With an off-ice spending spree and marquee player additions, the Ottawa Senators have had a sunnier summer than most Canadians.
So they will just have to live with the fact that a dark, persistent cloud lingers over them until the National Hockey League (NHL) completes its investigation into the Hockey Canada scandal pertaining to the 2018 Canadian World Junior team.
Eight players, including members of that team, have been accused of sexually assaulting a woman in London, Ontario (Ont.), following a Hockey Canada Gala in 2018. Two players from that team, Alex Formenton and Drake Batherson, are in the Senators organization. Batherson is one of 59 players invited to training camp and in fact, he is a top line winger.
Formenton, meanwhile, has no contract yet as a restricted free agent.
Senators general manager (GM) Pierre Dorion told reporters at a pre-camp briefing on Wednesday, Sept. 21 that he cannot speak on the situation until it gets resolved.
“I think we all want to have answers,” Dorion said, “but because of the NHL pending investigations, we cannot comment on it.”
Dorion says the organization has been speaking to its players about hockey culture for some time now, and that as a parent and GM “I want to make sure we do everything the right way.”
The GM added that the investigations have had no impact on any contract dealings with his players (the inference being, Formenton), and that different contract scenarios have been discussed with Formenton’s agents (Newport), the same agency that represented Brady Tkachuk in his lingering contract negotiations last summer.
Later in the Q and A session, Dorion referred to Formenton and Tkachuk as “two major pieces here.”
In the meantime, camp will get underway tomorrow (Thursday, Sept. 22) with high expectations and no Formenton at the rink.
Defence is the focus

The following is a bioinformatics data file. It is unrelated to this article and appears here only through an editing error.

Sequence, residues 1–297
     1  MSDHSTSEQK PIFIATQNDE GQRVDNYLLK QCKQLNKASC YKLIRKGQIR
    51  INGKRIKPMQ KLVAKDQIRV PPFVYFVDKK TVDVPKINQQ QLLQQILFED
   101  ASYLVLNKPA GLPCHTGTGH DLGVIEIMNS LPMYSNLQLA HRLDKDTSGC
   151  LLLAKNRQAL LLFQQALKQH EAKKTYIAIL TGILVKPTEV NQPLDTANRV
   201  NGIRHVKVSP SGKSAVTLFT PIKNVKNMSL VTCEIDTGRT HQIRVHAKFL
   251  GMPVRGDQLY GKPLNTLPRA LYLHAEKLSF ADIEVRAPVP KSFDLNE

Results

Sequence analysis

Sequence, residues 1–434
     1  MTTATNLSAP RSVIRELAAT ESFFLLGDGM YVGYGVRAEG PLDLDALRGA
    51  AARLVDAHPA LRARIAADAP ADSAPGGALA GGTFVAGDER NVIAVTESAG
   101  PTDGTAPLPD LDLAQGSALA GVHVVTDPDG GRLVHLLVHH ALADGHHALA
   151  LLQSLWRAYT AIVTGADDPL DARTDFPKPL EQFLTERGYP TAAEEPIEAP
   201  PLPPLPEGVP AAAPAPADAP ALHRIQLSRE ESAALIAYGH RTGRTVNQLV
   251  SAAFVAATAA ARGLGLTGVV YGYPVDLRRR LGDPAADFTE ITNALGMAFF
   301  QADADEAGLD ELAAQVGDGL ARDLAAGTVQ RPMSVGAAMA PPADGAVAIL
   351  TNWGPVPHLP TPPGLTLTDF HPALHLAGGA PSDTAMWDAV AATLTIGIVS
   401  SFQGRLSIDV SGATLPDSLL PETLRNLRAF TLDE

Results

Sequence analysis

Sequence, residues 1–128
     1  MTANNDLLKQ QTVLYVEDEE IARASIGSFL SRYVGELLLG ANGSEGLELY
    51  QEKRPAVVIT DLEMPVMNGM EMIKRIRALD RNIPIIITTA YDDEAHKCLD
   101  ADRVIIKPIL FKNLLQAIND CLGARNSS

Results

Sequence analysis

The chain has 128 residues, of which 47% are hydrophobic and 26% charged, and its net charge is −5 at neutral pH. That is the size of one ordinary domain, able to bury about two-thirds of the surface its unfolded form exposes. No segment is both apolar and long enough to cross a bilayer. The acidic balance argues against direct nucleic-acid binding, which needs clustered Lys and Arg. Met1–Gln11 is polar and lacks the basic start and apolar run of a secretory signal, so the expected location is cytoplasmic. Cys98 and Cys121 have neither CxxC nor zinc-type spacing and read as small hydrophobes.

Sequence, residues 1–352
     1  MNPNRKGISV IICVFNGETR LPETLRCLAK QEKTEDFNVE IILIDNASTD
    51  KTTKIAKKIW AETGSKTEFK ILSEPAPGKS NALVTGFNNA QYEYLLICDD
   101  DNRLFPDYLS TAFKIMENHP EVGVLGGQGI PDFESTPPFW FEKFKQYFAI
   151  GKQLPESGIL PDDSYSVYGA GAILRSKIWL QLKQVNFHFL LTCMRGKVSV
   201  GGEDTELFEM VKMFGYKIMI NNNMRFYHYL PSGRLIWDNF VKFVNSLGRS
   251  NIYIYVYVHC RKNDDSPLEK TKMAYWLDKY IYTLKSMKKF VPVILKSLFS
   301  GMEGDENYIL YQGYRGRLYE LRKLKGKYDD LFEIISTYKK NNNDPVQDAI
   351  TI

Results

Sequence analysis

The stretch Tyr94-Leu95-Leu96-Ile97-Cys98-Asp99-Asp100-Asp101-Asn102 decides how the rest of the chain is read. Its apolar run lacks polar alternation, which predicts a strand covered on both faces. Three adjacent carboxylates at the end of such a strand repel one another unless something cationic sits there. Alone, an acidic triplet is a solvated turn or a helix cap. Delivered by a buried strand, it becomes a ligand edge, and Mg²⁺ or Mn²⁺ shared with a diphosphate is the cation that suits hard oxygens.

The funny thing about adding talent up front – namely Claude Giroux and Alex DeBrincat while getting young stars Josh Norris and Tim Stützle extended to long-term deals – the worry then becomes the blueline.
While head coach D.J. Smith, who joined Dorion at the media briefing, spoke about the pleasant problem of having too many scorers to fit on one power play unit (he is considering a two-unit system, like the St. Louis Blues), he admitted his camp focus involves the defence corps.
“Where do people fit on the back end,” Smith said rhetorically. “Who’s taken a step, better than they were last year. It’ll be exciting for me there.”
Dorion is still trying to improve his blueline, and it’s no secret he has been in the mix to try to acquire Jakob Chychrun from Arizona. He said he won’t wait to make improvements if they become available.
As it stands, Thomas Chabot and Artem Zub are the top defence pair. Rookie Jake Sanderson is penciled into the second pair with Travis Hamonic. That leaves Nick Holden, Nikita Zaitsev and Erik Brannstrom to round out a group of seven.
If the team and individuals are a cut above last year, Smith plans to reduce the ice time demands on some of his top players, including Chabot, who has been at or near the top of TOI charts the past few seasons. Part of growing into a competitive team is having different guys play extra minutes on a given night, depending on the circumstances. Chasing leads late in games meant Smith had to overplay Chabot many nights.
Advice from Sanderson’s father
By the time players reach their NHL, parents usually sit in the stands and keep quiet. But when a hockey dad is a former NHLer with 17 seasons of NHL experience, he might just catch the ear of an NHL coach. Such was the case when Jake Sanderson’s father, Geoff Sanderson, spoke to Smith about the approaching rookie season of son Jake with the Senators.
“One of his things, for a guy who played a lot of games in the National Hockey League, was concern that an older guy be around his son to help him through the league, and I understand that totally,” Smith said. “I think a guy like Hammer (Hamonic), a guy like Holden, sitting near him (Jake) in the room, playing some games with him and talking to him is going to help his development.”
While Smith is leaving the door open to different defence pairings, he likes the idea of the most experienced Ottawa defencemen being there to guide the 20-year-old Sanderson.